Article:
Against Primogeniture

I'm not just a chromosomal faux pas (may require registration): The second daughter of the Thane of Cawdor argues that it's time to abolish male-only primogeniture so that her older sister inherits the title instead of her younger brother. And of course she's right. If the Japanese can change their rules to allow an Empress, why can't the English change their rules to allow a châtelaine of Cawdor?

It is a strange anomaly. After all, western women are no longer closeted at home or deprived of formal education. We have suffrage, have embraced the freedom that divorce and contraception have given us, have fought for our countries. Primogeniture harks back to a time when rape charges were reduced if a victim was pretty and when wives were chattels.

As a child, I was oblivious to our family's internal hierarchy until, at the age of about 11, my mother told me in passing how she had been “so desperate” after my arrival that she had bought a pile of self-help books – titles such as How To Conceive A Baby Boy and Conception: Sex Determination Made Simple. She followed a salt-free, low potassium, iron-rich diet, all in an attempt to have a boy.

As it turned out, she was already pregnant with my brother. She laughed gaily about the silliness of it all, but the hairs on the back of my neck stood up. I had had no idea that boys were the favoured sex.

It was also confusing to be given this information by another female; one who clearly thought that what she was saying was completely normal. But it was normal and remains so. I know few women living within the primogeniture system who oppose it. They are so steeped in male dominance that they uphold it unthinkingly.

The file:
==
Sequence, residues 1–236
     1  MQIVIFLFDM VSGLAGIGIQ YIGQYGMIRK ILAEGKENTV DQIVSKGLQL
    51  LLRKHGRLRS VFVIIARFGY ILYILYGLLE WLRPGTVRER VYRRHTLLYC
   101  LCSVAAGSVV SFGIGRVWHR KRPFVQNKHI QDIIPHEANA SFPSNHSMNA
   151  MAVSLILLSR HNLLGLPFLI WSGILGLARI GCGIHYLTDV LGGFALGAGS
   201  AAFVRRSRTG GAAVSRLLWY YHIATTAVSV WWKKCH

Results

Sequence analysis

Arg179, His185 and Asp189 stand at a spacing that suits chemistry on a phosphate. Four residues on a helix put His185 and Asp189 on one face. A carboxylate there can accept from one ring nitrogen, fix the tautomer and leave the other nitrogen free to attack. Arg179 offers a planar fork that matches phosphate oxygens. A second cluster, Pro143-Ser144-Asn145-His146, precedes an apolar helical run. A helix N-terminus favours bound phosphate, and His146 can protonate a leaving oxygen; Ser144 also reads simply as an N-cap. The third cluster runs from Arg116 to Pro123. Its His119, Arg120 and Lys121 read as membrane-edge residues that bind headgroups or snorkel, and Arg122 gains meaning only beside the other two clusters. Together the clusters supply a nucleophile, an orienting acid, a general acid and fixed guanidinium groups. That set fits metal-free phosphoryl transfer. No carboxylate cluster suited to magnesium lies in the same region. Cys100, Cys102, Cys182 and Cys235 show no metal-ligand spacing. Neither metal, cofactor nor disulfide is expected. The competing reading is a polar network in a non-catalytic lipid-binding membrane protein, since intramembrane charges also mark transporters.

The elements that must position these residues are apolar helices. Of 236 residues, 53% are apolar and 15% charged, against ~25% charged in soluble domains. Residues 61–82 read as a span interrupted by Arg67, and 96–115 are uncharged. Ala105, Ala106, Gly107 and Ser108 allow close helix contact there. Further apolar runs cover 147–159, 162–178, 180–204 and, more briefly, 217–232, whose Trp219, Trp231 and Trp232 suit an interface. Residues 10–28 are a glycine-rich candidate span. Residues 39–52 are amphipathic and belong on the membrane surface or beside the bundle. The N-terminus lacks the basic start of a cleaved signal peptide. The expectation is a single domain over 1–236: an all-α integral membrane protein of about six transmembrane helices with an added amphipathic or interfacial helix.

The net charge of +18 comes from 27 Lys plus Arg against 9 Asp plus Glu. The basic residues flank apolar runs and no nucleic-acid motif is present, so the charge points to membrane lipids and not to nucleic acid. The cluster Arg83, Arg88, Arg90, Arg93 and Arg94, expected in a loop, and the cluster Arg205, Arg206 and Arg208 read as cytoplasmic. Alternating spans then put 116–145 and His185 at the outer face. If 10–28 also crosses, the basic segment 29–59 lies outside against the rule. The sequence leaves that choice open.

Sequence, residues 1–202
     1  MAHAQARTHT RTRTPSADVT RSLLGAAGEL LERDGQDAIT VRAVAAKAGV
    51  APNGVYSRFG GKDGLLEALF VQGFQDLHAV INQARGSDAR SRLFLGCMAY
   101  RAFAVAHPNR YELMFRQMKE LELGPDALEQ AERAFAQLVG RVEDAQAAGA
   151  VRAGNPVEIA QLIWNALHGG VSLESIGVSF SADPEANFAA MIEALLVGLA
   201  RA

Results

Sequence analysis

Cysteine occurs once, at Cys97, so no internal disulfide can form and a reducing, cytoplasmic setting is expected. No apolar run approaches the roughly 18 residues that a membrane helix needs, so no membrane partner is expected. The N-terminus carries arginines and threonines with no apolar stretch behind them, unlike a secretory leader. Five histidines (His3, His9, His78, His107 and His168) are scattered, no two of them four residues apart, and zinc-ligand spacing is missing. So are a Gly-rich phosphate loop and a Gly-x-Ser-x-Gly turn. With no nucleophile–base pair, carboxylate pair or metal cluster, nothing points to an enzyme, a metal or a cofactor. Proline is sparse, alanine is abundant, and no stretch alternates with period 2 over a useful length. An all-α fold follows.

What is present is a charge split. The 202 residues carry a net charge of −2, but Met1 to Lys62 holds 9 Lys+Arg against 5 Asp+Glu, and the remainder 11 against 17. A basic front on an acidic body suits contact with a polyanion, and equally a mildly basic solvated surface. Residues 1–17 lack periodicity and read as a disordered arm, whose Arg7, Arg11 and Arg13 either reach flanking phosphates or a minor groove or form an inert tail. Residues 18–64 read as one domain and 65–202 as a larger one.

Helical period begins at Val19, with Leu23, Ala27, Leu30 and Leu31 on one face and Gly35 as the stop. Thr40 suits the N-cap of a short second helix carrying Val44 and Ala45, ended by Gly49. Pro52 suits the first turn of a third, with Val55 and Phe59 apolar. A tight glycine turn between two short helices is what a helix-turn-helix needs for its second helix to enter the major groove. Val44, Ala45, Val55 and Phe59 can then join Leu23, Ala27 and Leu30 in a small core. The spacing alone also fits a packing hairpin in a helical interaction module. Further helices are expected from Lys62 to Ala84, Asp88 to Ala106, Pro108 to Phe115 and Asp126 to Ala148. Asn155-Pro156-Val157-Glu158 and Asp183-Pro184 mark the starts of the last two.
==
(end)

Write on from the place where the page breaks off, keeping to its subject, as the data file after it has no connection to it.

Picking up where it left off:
As I reached my teens, my father began to reinforce my secondary status. He had a phrase he liked to repeat in the car. It was: “Your face is your only fortune, so strap your belt.” If I asked him what he meant, he would reply: “It was ever thus.”

When my father died, there was no reference to the existence of three daughters in his will. The omission was chilling. Here was a document composed by a man who had adored us but who also held that we were always superfluous to requirements.

In our culture, a woman joins her husband's family by adopting his surname. The underlying fear about not having a son is the demise of the family name, and therefore the family's very identity. Some families found a half-baked way around impending disaster by creating double-barrelled names. None of this palaver is necessary. A woman changing her name to her husband's is merely a convention, not a law.

If there is a change from primogeniture to ultimogeniture or cognatic primogeniture – when the first born inherits, regardless of sex – then there is nothing to stop a husband either changing his name to his wife's, or their children bearing her name rather than his. Men might shudder with horror at the idea, but they will get used to it. We did.

Currently, men can elevate women to their titles, but not the other way around. My brother's wife is now a countess, but as ladies our husbands remain misters (and my mister doesn't even remain a husband). If titles are desirable at all, this surely, can be reversed.

In 1999, the European Court of Human Rights rejected as inadmissible several appeals in Spanish cases where elder daughters argued that the preference to males in the transmission of noble titles was a violation of their human rights. The court held that “amending the rules of law to comply with the principle of the equality of the sexes would be to introduce anachronistic requirements into a practice moulded by history”.

I wonder if they would rule that female circumcision was “moulded by history”? My hope is that it was just badly translated and should have read “a practice mildewed by history”.

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